Saturday, October 29, 2005

The Globalist/India and China

Since theGlobalist.com has some interesting articles that closely relates to my interest in international economics and I have had some interest in these topics, I think it would be good to critic some of the articles of interest to myself.
The first article with link above is entitled: "India’s Global Bridging Powers". As a prominent member of the Non-aligned nations, India has tended to be suited to this role. But how does it change since the duopoly of the international playfield is changed?
“India should take advantage of this positioning. In fact, it can have a unique role as a bridging power that actively manages relations between the rich states and the poor. And this bridging role also extends to the relationship of the two countries which are currently near-obsessed with sizing each other up, the most powerful state in the world, the United States — and the most populous, China.”

But sometimes it has not looked out for its best interest.
“Essentially because India’s primary mode of exercising autonomy in the international domain has been negative.

It has often refused to participate in alignments, treaties and markets which it viewed as skewed in favor of the more powerful. In some way, it strikes me that this aloof stance could have been an extension of the Gandhian strategy of boycotts and fasts.”

Here's another area the author suggests:
“At a time when the West is embarking on a nervous and intense relationship with Islam and when Muslims feel increasingly alienated within the international order, the Indian model established in 1947 is a powerful example of how ancient religions can co-exist within a single political frame.”

Yes we do need India's help in creating moderate Muslims internationally. But after their recent bombings and continued religious striff, I can not say they are a powerful example. The US is actually a better example where IMO every religion in the world lives here peacefully.
This sounds good:
“Given the botched efforts of the U.S. to pursue domestic change abroad through military intervention, India has an opportunity to offer an alternative method to promote democracy. It can present itself as a model of building democratic states — by coming forward to assist wherever democracy is trying to take root locally, say, in Afghanistan, Iraq, Pakistan, China, Burma and Bangladesh.”

I am glad that India is not being wishy-washy when it comes to Democracy. India has always supported democracy at home so why did it?:
"The global predominance of the United States is awkward news for India, given India's historical commitment to non-alignment and the idea of a multi-polar world."

If we are to take "multi-polar" as being several actors with similar strength then yes but not multi-polar of free peoples vs unfree peoples.
And another caution:
“Few Americans realize that their biggest vulnerability is not a future terrorist attack. Rather, it is that — unlike Britain at its imperial zenith — the United States of America needs permanently to import goods, services, capital and people to sustain its own momentum and fund its insatiable consumption.”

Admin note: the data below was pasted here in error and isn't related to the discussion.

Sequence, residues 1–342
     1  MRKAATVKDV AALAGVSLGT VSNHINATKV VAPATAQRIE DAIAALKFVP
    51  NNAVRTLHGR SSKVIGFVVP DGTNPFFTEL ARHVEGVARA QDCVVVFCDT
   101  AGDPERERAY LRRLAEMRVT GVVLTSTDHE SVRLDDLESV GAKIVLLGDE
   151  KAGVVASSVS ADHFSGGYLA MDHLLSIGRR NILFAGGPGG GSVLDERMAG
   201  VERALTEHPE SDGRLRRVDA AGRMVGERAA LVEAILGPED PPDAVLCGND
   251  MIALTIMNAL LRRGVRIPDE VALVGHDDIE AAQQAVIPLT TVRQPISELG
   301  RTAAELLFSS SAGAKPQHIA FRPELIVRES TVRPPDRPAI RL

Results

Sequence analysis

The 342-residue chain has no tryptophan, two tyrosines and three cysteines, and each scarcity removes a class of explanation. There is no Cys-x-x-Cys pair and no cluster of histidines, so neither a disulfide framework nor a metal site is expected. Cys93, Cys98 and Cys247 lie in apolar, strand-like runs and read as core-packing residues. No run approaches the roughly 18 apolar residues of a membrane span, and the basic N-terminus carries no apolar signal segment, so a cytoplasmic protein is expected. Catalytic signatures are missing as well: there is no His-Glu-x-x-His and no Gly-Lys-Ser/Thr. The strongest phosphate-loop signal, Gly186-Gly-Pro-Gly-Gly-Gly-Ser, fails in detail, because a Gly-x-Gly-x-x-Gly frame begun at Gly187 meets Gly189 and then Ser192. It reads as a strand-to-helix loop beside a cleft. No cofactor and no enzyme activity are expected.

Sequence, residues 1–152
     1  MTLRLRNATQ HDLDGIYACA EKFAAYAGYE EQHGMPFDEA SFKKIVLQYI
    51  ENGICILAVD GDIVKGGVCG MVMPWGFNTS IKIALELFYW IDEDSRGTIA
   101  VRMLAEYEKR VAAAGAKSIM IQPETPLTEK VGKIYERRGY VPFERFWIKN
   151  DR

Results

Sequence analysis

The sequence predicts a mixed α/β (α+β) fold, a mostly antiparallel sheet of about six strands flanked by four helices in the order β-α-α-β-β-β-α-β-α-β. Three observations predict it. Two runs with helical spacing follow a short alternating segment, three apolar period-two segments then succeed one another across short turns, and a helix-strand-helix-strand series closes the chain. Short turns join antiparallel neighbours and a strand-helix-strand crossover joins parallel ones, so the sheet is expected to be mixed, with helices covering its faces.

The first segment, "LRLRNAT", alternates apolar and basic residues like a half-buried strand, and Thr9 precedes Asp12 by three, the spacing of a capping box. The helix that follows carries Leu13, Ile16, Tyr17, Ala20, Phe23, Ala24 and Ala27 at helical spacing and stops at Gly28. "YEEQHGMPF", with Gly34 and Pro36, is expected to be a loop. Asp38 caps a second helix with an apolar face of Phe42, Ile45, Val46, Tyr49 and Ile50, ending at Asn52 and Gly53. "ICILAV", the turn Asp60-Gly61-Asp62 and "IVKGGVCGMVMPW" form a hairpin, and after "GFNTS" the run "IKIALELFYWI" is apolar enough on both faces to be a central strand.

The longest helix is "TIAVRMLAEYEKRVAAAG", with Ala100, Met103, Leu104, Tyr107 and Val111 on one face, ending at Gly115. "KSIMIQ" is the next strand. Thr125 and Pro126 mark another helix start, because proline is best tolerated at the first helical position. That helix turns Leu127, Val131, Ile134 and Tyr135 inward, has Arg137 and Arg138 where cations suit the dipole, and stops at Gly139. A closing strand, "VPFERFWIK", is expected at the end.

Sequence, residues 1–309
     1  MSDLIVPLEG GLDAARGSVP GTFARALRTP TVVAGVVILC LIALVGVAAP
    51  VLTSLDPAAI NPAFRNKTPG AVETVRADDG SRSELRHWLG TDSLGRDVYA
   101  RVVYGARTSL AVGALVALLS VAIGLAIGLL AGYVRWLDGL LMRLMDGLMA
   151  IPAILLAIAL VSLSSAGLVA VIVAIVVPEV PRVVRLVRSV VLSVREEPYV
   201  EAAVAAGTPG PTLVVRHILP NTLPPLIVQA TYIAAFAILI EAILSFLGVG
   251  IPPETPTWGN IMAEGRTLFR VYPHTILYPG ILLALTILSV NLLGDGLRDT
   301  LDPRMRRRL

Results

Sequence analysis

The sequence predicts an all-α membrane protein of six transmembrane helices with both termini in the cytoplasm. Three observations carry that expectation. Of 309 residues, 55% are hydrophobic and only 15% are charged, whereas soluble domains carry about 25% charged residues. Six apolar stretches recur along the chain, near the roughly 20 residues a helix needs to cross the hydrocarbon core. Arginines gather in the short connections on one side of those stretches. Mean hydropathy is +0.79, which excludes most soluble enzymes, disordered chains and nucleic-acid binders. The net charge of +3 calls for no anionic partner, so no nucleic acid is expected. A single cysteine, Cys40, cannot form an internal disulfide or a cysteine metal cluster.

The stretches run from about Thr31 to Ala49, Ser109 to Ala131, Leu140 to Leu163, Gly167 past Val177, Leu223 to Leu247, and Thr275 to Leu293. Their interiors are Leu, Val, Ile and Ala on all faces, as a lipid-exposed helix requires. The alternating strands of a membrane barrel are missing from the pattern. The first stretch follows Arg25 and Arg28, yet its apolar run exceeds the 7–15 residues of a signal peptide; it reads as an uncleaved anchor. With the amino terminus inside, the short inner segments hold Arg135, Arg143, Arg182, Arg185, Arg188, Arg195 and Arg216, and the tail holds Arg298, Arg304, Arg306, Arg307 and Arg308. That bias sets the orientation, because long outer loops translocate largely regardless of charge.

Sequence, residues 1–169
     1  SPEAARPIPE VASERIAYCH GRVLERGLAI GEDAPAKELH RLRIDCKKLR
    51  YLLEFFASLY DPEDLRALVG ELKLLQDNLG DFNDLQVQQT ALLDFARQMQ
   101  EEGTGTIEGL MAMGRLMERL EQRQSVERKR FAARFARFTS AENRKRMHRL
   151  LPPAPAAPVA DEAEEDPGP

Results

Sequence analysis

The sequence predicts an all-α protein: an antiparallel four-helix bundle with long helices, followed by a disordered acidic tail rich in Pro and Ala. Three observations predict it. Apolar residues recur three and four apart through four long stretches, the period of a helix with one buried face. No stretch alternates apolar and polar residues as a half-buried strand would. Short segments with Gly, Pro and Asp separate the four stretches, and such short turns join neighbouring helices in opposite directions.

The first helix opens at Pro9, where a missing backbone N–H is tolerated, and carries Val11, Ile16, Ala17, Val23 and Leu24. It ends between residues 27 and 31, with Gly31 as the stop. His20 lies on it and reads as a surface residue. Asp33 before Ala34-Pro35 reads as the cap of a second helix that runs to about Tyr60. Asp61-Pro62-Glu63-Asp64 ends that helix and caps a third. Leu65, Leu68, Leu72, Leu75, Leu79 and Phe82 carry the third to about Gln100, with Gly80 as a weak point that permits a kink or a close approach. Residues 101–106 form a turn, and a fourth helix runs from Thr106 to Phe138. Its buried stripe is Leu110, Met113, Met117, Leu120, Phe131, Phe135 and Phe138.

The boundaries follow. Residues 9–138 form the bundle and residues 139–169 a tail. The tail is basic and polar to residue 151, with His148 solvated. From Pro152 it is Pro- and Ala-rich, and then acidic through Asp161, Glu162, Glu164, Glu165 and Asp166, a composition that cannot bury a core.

The whole world needs to import and export (trade) to maintain the momentum in human development and well being and of course I disagree with "insatiable Consumption". My training has shown me that the world wants us to consume, that they want to export and grow their economy through this process. Hopefully I will write about this sometime later. As the world becomes more developed each country will have a specialty of its own or some unique quality to add to human development.
Now let us talk briefly about the second article: Nehru’s Vision for India and China
In the 1950s, Jawaharlal Nehru, the first Prime Minister of India, inspired no doubt by anti-colonial sentiments, envisioned that India and China would come together as a unified force. He hoped for them to exemplify the idea he called "Asianism".

Understandable but:
The 1962 Border War saw Nehru's dream turn into ashes, and even as recent in time as 1998, Indian Defense Minister George Fernandes' declaration that "China is India's number one threat" during India's controversial nuclear tests, seemed to put paid to Nehru's words.

But now India and China are complementing each other by India specializing in software and China in computer hardware. And:
While China has a relatively high advantage in woven textile, knit/crochet fabric and made-up textile articles export, India's advantage lies in its export of textile yarn and woven cotton fabrics.

Yes similar to what I have heard. And lastly what does the future hold:
In October 2003, Goldman Sachs released a report which predicted that within 40 years, the economies of India and China, if added to those of Brazil and Russia (the "BRICs") would be larger than that of the United States, Germany, Japan, Britain, France and Italy combined.

This seems obvious since the only nation that is expected to grow over the next 40 years is the US at least on present trends in demographics. Japan and Germany have actually experienced a population decline with Italy and France quickly going in this direction. As their populations age and enter into retirement, the total number of workers will decline, thus creating a strain on the system to support the retirees. Luckily in the US we have a growing population at least when we count immigration, and we do have more live births per woman than the other three countries. The US also still has the ability to attract the brightest and best from around the world. As long as we can, we should be importing (allow immigration) of a wide variety of skills and abilities.

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